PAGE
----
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Will Gary Johnson's Pot Policy Hurt Romney?

The Libertarian candidate's Republican former colleagues worry that his pro-legalization stance will cost them votes.


Johnson wants a "rational drug policy."
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By Chrisanne Grise


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Throughout all the election hoopla so far, Libertarian candidate Gary Johnson—whose poll numbers are relatively tiny—has largely been forgotten. But mainstream politicians, particularly Republicans, are reportedly starting to get a little nervous about him as election day looms. The former two-term Republican governor of New Mexico advocates for something that's supported by the majority of Americans, but not by the two leading candidates: the legalization of marijuana. The GOP worries that Johnson will whittle off more of their votes in this tight race, much as Ralph Nader cut into Al Gore’s support in the 2000 election, helping to hand the election to George W. Bush. “As we all learned in Florida, when something’s close enough, even small numbers can make a difference,” says Charlie Cook, the publisher of the Cook Political Report, which monitors electoral trends. So Republicans in a few states are now attempting to hinder Johnson any way they can; party officials in Michigan blocked him from the ballot for filing his paperwork three minutes after deadline. In Iowa, one of Romney’s aides provided witnesses to testify in an ultimately unsuccessful lawsuit to block Johnson. And in Pennsylvania, Republicans hired a private detective to investigate Johnson's Philadelphia ballot drive.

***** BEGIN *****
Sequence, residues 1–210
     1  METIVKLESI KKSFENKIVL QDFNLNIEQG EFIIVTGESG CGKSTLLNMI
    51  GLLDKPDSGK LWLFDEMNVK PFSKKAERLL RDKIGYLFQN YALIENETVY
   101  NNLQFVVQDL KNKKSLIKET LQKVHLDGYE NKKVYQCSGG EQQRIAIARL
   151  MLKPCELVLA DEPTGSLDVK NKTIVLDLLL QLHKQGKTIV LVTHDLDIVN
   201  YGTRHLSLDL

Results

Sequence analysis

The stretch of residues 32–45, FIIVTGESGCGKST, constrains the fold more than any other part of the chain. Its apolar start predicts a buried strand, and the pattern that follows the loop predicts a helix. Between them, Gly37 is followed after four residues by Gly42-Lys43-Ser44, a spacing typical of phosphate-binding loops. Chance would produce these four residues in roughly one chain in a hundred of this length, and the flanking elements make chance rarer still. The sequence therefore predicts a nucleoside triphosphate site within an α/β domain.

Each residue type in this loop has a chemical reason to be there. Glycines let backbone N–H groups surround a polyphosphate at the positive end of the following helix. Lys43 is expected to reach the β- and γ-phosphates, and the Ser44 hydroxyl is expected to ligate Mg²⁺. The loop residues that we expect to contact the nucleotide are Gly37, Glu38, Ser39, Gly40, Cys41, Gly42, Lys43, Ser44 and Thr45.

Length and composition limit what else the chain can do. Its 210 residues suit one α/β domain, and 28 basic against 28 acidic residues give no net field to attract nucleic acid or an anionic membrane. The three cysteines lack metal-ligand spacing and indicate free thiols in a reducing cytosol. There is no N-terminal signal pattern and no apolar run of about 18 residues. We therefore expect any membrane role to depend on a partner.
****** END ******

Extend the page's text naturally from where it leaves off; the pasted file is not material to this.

Johnson says he has no problem being a potential spoiler in the election, as he sees it as “a debate between Coke and Pepsi.” He's happy to keep talking about the issues most important to him, as a fiscal conservative and social liberal. "Nowhere in the constitution does it say what we can or cannot put in our own bodies by our own choice," he told The Fix last November. "I suggest that if we legalize marijuana, this country will take giant steps to what I would call rational drug policy, which starts with looking at drugs first as a health issue, rather than a criminal justice issue."

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